Faster Oxide Ions, Higher Currents!
Not fun doing outdoor work on an extremely hot and humid day? We’re with you, and so is the oxide ion! But is it possible to change the ‘weather’ just because we don’t like it? Aha!!! That’s exactly what researchers at the School of Science and Engineering’s Chemistry and Chemical Engineering figured out. By changing the environment to help oxide ions move more comfortably, researchers can help generate electricity through a technique that’s more efficient, quieter and just plain better! Enter the world of Solid Oxide Fuel Cells (SOFCs)!
The whole process is as easy as 1…2…3!
1. Break up molecular hydrogen into H+ ions on one side.
2. Break up molecular oxygen into O-2 ions on the other side.
3. Generate electrons by allowing O-2 ions to travel through a dense electrolyte material from one side and combine with impatient H+ ions waiting on the other side. We get water (2H+ + O-2 -> H2O) as a by-product along with clean electricity.
This seems like the best of both worlds! However, this is where the challenge begins. The key process by which SOFCs are able to generate electricity is the conductivity of oxide ions through the dense, solid electrolyte that sits between the electrodes. With current methods, the electrolyte needs to be at a temperature above 700 °C to enable good oxide ion conductivity, adding cost and complexity to SOFCs that render them difficult to commercialise. The research work highlighted in this article has discovered a different type of electrolyte that has good oxide ion conductivity even at lower temperatures of 600 °C. This may not sound like a big deal since we are still way above room temperature, but this is how scientific inquiry progresses, every little bit counts.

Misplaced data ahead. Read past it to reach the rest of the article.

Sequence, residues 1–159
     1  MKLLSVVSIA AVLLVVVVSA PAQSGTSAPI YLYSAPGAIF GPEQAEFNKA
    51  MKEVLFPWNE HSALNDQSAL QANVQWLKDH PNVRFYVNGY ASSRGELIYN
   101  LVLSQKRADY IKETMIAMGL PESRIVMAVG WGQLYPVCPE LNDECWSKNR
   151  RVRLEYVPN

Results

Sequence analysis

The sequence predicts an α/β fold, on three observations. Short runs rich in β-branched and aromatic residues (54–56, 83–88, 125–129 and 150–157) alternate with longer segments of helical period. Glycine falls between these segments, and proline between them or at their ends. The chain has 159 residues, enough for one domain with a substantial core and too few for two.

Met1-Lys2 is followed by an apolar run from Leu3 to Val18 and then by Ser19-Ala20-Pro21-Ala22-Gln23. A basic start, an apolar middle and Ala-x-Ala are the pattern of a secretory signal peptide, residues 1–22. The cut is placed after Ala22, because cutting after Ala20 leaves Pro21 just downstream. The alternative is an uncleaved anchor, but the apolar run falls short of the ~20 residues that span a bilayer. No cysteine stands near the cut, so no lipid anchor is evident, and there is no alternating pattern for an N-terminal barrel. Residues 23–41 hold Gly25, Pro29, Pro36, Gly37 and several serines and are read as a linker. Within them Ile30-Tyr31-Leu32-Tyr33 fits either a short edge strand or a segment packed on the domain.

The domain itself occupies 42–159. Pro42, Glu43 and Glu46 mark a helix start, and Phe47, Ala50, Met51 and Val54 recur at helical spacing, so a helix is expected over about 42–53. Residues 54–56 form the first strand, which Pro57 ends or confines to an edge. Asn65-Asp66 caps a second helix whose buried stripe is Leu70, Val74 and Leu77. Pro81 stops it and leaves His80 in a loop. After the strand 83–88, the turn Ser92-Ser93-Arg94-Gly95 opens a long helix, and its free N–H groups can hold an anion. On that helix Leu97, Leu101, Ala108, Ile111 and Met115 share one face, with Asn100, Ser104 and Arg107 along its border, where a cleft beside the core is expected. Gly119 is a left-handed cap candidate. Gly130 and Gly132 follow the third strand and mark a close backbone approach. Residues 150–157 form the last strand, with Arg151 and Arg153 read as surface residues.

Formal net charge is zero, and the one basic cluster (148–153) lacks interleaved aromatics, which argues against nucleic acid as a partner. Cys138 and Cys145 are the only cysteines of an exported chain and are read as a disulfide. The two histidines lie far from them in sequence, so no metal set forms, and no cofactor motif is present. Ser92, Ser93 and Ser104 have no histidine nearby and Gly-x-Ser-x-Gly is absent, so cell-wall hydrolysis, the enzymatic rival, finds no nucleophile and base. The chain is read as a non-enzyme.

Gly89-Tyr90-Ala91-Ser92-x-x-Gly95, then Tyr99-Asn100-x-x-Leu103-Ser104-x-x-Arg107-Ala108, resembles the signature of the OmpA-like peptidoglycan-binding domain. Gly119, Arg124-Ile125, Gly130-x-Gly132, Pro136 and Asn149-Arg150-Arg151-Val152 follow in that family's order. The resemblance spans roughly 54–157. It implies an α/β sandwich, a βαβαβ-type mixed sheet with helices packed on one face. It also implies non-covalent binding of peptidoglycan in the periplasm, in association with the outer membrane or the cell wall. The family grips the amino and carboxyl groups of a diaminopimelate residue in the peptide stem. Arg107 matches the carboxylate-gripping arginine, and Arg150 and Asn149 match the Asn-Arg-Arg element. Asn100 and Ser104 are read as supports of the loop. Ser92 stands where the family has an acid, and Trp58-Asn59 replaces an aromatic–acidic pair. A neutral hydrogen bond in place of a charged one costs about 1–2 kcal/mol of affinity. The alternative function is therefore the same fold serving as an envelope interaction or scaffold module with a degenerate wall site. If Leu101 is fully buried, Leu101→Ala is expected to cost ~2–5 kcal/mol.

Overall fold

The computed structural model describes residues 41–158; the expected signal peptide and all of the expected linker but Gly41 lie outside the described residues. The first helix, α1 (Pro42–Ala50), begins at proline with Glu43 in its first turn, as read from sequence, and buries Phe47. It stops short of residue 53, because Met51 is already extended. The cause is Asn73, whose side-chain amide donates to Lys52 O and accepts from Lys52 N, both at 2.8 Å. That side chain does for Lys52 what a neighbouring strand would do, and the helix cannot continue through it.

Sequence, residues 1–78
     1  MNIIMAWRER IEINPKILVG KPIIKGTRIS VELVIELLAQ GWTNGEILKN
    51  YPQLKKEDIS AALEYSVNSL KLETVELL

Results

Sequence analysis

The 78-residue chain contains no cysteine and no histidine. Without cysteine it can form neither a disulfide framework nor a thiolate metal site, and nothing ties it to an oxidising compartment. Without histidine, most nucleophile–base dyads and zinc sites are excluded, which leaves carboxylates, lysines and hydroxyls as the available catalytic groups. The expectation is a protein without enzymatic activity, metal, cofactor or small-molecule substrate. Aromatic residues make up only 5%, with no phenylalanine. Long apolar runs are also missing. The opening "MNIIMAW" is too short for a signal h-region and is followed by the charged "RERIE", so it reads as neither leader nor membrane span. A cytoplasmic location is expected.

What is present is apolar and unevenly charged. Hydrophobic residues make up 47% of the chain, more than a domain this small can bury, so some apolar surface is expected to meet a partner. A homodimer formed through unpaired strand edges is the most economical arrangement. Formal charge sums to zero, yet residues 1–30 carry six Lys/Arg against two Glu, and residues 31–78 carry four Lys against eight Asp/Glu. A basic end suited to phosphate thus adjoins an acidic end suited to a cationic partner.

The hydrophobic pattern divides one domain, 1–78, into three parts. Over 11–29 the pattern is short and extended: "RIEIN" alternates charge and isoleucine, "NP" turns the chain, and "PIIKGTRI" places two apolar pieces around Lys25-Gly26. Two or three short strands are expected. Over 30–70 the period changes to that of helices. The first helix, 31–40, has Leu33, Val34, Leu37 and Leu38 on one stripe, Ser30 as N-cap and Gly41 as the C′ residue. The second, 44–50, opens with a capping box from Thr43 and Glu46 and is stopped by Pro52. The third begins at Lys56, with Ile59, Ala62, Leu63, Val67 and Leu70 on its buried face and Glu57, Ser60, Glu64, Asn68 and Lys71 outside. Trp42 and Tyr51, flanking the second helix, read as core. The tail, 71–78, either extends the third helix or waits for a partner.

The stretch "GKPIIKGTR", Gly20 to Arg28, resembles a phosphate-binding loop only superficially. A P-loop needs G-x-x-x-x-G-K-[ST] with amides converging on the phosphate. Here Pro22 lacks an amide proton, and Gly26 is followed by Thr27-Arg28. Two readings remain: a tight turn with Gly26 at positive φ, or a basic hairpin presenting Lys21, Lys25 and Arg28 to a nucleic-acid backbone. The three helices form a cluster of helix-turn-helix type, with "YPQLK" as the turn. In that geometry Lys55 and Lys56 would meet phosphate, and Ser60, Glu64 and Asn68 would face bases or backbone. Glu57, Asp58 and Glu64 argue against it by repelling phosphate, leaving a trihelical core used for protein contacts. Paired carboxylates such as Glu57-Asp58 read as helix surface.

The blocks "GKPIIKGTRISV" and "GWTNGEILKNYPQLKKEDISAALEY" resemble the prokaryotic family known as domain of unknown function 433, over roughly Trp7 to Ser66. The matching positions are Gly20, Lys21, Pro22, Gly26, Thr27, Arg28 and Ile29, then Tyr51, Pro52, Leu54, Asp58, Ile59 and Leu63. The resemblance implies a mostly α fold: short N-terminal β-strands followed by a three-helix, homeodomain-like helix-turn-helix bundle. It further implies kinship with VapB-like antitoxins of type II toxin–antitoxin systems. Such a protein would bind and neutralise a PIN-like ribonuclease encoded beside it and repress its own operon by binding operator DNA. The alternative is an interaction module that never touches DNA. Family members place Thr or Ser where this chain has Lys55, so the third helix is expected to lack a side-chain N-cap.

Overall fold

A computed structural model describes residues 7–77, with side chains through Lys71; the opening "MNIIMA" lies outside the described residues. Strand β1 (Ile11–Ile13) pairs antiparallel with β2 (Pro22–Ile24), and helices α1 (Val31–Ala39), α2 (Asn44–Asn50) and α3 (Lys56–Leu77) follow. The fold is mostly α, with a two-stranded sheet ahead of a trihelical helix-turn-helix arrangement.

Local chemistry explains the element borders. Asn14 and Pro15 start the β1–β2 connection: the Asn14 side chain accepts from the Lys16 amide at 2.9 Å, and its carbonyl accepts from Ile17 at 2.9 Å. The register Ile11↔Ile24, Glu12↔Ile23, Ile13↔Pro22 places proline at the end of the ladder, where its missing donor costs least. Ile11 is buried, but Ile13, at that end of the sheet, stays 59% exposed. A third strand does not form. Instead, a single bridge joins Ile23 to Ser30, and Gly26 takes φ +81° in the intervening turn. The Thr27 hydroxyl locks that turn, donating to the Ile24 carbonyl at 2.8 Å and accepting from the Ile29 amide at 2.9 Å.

This research, supervised by Dr. Falak Sher and his PhD student Asma Gilane, who is a co-author, has revealed that the crystal structure of the hexagonal perovskite derivative (Ba3VWO8.5) exhibits electrical properties that render ultra-high oxide ion conductivity inside SOFCs. The key feature enabling this lies in the fascinating crystal structure, and is linked to the random and disorderly, yet highly connected distribution of oxygen-vacant and oxygen-occupied sites in the crystal, making continuous oxide ion migration possible even at lower temperatures. This is tantamount to creating the pathways for a smoother flow of traffic in a congested urban environment, the movers here are oxide ions and the alleys, streets and crossings are the conduction pathways for the ions.
The perovskites are a class of crystals that have enabled high-temperature superconductivity, magnetism, solar cells and ferroelectrics that we use in piezoelectric buzzers.
The work is published in Journal of Materials Chemistry A.
Reference: J. Mater. Chem. A, 2020, 8, 16506-16514 (DOI: 10.1039/D0TA05581F)